“Many parents need continuous guidance from teachers to ensure that they aren’t headed off in the wrong direction. Teachers should check with them regularly to make sure they feel supported.” - Jamie Gass, Director of Education Policy, Pioneer Institute
BOSTON (PRWEB) June 04, 2020
Key is teachers and parents working as a team
School closures due to COVID-19 have separated more than seven million K-12 special needs students from support they receive in the classroom, but online learning can be appropriate for most of those students if teachers and parents work as a team to provide each one with what he or she needs, according to a new report published by Pioneer Institute and ASU Prep Digital.
“Both special education teachers and parents of special needs students face unparalleled challenges right now,” said Julie Young, vice president of Education Outreach at ASU and managing director of ASU Prep Digital, who co-authored “Shifting Special Needs Students to Online Learning in the COVID-19 Spring” with William Donovan. “Teachers are leading teams with parents, while parents are often playing teacher and parent – all while working.”
In addition, special education teachers are often trying to develop plans for each student that fit within his or her Individualized Education Plan (IEP), determining if the online plans are working for students and adjusting to the use of online education tools.
Some special needs students, such as those with severe cognitive disorders, severe autism, or brain trauma, are unlikely to have their needs met by online education.
But online learning can work for most special needs students. It offers advantages such as the ability to slow the pace if students need more time to master material, and allows for movement breaks without disturbing others.
Success often depends on the school team’s approach and the presence of someone at home who can work with the student.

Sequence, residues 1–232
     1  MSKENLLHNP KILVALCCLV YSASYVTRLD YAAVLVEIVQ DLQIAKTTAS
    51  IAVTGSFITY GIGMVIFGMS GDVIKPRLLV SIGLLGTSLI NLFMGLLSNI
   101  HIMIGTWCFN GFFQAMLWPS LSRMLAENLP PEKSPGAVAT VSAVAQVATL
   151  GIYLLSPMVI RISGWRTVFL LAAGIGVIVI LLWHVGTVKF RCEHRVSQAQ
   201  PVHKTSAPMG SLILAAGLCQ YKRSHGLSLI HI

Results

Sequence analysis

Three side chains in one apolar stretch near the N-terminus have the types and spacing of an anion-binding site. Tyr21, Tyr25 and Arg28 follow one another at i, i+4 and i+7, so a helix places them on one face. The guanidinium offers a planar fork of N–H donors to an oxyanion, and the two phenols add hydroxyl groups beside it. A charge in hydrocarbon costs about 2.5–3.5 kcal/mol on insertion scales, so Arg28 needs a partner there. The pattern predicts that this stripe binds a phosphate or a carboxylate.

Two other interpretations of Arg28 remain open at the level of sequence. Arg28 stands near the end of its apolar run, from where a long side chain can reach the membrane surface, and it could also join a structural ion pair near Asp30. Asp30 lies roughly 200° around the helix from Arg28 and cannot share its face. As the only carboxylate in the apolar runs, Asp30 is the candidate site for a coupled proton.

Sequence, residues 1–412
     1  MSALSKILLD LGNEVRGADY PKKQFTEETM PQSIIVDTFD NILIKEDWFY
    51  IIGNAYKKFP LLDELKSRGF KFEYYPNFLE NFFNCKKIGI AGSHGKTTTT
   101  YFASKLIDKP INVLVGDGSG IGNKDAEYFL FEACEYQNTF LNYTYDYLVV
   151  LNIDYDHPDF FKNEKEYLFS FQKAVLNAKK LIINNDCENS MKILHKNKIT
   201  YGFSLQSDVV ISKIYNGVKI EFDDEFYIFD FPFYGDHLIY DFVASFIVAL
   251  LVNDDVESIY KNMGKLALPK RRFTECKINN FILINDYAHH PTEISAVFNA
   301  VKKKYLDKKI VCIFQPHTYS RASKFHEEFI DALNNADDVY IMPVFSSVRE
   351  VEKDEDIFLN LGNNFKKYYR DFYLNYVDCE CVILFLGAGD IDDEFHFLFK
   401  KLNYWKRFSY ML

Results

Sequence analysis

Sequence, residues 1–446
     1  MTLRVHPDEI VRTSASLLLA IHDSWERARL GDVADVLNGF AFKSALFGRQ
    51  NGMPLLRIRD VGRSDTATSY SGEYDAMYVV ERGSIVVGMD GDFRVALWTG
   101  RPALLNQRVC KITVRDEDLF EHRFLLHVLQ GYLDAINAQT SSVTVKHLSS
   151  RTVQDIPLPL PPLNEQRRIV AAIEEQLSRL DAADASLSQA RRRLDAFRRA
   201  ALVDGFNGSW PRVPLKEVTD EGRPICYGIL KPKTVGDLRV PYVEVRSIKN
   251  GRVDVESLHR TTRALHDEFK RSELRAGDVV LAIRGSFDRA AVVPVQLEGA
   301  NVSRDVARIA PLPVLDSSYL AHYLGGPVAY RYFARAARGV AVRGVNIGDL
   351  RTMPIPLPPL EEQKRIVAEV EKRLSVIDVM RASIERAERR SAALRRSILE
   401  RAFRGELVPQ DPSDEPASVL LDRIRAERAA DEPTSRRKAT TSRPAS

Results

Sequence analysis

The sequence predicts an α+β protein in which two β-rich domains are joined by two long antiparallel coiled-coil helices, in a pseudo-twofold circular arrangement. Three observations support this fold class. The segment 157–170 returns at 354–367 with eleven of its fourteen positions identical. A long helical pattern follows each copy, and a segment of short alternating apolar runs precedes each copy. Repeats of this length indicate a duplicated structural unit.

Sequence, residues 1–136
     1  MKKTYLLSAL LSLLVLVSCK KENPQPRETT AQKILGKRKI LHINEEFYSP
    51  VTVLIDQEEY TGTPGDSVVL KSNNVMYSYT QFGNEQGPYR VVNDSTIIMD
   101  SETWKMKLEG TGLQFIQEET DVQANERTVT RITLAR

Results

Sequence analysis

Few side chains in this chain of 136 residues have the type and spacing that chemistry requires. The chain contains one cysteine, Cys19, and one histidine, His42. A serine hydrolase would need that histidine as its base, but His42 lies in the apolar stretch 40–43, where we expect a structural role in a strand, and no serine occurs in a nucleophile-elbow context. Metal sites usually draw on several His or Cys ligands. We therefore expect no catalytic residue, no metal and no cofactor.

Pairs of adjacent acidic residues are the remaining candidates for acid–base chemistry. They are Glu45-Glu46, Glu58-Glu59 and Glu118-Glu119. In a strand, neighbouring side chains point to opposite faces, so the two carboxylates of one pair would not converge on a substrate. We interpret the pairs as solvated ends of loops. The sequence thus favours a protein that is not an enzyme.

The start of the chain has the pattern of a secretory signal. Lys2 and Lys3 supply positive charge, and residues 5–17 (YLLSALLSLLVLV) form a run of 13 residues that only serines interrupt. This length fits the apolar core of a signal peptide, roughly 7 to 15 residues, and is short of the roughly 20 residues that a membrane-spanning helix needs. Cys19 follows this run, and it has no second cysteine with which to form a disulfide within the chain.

Communication is critical. Special education teachers should be in regular contact with families to do things like reviewing a child’s IEP by phone or video to ensure that parents are aware of particulars such as accommodations and modifications that make learning more likely and lessons more successful.
“Many parents need continuous guidance from teachers to ensure that they aren’t headed off in the wrong direction,” said Jamie Gass, director of education policy at Pioneer. Teachers should check with them regularly to make sure they feel supported.”
Some problems can be exacerbated online. For example, many students have more distractions and more difficulty focusing at home. These problems can often be addressed by creating a list of daily activities that follow a similar order to the schedule students had at school, and using visual prompts or a kitchen timer that is reminiscent of a school bell.
Teachers should also assess whether assistive technologies students use at school – such as screen readers, where the computer reads whatever is on the screen to the student – are available at home. Going forward, such technologies should be written into the student’s IEP to ensure that they will be available across all settings.
Other creative ideas being explored to better serve special needs students remotely include home visits, localized neighborhood support, and partnerships with volunteers and community groups.
ABOUT THE AUTHORS
Julie Young is Vice President of Education Outreach at ASU and Managing Director of ASU Prep Digital. Julie is passionate about students and is focused on leveraging technology to provide them with new opportunities. Prior to joining ASU Prep Digital, she was the founding CEO and president of the Florida Virtual School, the world’s first virtual statewide school district and one of the nation’s largest and most influential K through 12 online education providers. During her tenure, the school served over 2 million students in 50 states and 68 countries.
William Donovan is a former staff writer with The Providence Journal in Rhode Island where he wrote about business and government. He has taught business journalism in the graduate programs at Boston University and Northeastern University. He received his undergraduate degree from Boston College and his master’s degree in journalism from American University in Washington, D.C.
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